By most standards, noise gate pedals are not that much of an effect pedal as they are a tool. That’s the type of gear you start being interested in once you get to know the full nature of your tone, and how it works from top to bottom. So what does a noise gate do? We’ll cover that part in depth a bit later, but let’s just say that they deal with the noise being produced by your entire signal chain when you are not actually playing anything on your guitar.
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However, if you are playing gigs in large venues in front of even larger audience, a noise gate stompbox is probably something you should start thinking about. Whatever the case may be, we have done some research, and we have come up with six models that we consider to be the best noise gate pedals on the market at the moment, and definitely some of the best effects pedals in general. Let’s see what we have in store for you.
|Image||Guitar Pedal / Rating||Summary||Check Price|
|+ -|| BOSS NS-2 Noise Suppressor Pedal |
Total of 4.88/5
One of the best noise gate pedals you can get right now.
|+ -|| ISP Technologies Decimator II |
Total of 4.85/5
A more complex solution that brings great features and an impressive performance.
|+ -|| MXR M135 Smart Gate |
Total of 4.85/5
Great middle of the road solution with some advanced features to offer.
|+ -|| TC Electronic Sentry Noise Gate Pedal |
Total of 4.83/5
The future of effects pedals, this time applied to noise gate segment.
|+ -|| Donner Noise Killer Noise Gate Pedal |
Total of 4.75/5
Inexpensive, yet capable pedal that brings great value at a reasonable price.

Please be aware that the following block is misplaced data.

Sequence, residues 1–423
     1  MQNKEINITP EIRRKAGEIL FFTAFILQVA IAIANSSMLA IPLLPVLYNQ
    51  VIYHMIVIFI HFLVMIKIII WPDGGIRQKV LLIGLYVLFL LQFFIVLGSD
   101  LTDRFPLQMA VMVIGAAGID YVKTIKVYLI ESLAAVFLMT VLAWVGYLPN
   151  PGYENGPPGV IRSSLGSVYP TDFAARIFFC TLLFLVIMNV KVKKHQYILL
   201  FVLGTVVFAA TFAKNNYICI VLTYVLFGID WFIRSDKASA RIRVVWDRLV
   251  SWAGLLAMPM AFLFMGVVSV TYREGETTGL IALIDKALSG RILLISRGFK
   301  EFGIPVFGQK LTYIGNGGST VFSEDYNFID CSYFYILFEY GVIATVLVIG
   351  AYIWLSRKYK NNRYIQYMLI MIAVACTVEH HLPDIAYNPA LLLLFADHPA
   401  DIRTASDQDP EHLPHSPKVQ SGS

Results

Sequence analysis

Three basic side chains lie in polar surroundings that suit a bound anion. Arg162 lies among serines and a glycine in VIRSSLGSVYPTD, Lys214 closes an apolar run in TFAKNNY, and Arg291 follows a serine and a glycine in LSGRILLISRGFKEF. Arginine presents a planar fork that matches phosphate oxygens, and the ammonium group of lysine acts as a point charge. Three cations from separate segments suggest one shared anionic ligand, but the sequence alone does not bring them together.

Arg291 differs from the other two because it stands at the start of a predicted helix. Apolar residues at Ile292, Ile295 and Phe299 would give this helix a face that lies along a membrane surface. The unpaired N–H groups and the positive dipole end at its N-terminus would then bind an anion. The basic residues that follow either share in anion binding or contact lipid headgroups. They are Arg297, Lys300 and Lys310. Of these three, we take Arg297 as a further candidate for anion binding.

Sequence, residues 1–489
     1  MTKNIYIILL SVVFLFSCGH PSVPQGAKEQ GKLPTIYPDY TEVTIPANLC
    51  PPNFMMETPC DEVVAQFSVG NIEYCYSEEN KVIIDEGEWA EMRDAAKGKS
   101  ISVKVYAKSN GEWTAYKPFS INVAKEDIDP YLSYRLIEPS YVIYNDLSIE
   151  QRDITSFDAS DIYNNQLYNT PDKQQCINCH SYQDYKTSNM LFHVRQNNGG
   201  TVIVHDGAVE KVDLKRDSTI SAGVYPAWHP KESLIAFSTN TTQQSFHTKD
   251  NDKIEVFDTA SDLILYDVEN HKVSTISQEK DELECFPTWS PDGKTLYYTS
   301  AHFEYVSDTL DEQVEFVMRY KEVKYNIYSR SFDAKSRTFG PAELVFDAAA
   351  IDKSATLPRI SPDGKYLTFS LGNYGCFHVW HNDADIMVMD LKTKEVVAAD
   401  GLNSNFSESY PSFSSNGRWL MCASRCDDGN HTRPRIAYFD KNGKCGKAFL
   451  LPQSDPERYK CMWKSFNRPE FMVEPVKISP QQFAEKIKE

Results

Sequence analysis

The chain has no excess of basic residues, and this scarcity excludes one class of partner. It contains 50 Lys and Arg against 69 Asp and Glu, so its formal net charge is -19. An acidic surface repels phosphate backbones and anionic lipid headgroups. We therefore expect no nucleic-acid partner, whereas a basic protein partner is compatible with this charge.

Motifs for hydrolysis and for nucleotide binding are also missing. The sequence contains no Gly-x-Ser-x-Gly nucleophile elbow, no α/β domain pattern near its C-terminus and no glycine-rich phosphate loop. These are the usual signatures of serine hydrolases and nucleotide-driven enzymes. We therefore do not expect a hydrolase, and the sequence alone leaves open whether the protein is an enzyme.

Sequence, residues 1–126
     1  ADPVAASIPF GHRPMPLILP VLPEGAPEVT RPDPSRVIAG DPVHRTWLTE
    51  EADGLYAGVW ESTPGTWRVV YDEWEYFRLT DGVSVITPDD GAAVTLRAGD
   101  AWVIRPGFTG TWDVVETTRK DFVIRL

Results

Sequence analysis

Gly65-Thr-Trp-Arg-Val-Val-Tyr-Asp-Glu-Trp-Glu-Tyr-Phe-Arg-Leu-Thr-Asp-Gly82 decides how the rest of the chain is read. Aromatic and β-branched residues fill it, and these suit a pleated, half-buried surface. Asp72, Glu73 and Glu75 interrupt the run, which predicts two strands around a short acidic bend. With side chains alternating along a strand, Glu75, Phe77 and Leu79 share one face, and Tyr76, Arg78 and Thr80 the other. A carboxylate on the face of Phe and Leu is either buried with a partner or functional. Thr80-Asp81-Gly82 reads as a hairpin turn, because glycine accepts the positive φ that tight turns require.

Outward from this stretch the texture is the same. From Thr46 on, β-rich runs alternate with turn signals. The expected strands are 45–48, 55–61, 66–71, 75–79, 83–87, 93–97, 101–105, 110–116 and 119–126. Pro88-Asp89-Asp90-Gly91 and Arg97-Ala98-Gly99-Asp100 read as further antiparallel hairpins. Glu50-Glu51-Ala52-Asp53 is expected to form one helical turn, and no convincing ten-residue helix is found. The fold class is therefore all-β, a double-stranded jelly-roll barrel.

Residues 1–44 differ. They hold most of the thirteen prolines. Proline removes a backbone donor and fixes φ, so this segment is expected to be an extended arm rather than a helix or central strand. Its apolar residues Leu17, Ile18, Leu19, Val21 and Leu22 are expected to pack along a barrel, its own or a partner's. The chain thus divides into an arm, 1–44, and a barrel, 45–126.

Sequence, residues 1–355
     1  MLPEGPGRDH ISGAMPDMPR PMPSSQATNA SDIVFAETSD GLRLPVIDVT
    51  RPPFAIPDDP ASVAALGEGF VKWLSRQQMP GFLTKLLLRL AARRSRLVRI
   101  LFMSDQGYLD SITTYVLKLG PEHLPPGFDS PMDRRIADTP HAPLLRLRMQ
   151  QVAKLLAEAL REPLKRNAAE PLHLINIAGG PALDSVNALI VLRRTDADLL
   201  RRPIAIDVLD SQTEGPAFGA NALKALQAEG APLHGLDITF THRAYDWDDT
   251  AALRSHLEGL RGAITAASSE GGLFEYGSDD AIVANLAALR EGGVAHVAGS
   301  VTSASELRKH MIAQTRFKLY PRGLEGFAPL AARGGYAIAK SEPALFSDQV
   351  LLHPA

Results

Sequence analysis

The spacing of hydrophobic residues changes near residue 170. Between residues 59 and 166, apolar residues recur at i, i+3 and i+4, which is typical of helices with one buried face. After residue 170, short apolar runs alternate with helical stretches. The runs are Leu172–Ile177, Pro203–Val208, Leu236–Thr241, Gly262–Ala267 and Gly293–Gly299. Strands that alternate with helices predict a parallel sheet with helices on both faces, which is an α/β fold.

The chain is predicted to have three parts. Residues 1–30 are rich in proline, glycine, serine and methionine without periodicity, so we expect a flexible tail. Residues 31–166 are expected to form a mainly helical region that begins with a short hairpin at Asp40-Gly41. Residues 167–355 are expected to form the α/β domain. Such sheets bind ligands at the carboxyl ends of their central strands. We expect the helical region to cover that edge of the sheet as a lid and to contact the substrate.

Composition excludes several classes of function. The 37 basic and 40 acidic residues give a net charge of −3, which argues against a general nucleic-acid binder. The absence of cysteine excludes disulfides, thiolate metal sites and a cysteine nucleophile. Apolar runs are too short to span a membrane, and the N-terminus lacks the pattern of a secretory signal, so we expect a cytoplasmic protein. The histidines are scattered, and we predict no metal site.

|+ -|| Behringer Noise Reducer NR300 |
Total of 4.80/5
One of the cheapest, but still respectable noise gate pedals out there.
Boss often comes packing the perfect balance of price and performance. Just look at their awesome EQ pedals. When it comes to noise gates, they’ve done it again. The whole idea behind having a good noise gate in your signal chain is precision. In other words, you want the pedal to kick in with enough speed and at the exactly right volume threshold, otherwise you’re going to start experiencing some issues. Boss NS-2 Noise Suppressor delivers exactly that – a true no-nonsense noise reduction that is offered with no additional bells and whistles to bog down the performance. The pedal comes in that standard Boss package that we have grown to love over time.
It’s virtually indestructible, and it gets the job done with ease. On a scale from most basic models to more complex boutique ones, NS-2 sits comfortably somewhere in the middle. It might not be something you’d want to look at all day, but it’s the silent hero of every pedalboard. Controls are offered in the form of two knobs which allow you to regulate the threshold and decay, making it one of the better user friendly models in this segment of the market. However, the type of value it brings to the table is something you just can’t afford to ignore.
The market for noise gate pedals has seen one of the more consistent rivalries that isn’t all that common elsewhere. Boss NS-2 and ISP Technologies Decimator II have always been battling it out for the top position. At the end of the day, it comes down to personal preference. What we can say about the Decimator II, is that it’s a mighty pedal that brings you exactly the type of performance you would need from a good noise gate pedal.
There’s a ton of interesting features with this one. To start things of, you can use it in your effects loop without a single issue. ISP Technologies Decimator II also comes with a unique set of inputs and outputs that enable the user to connect more than one of these units together.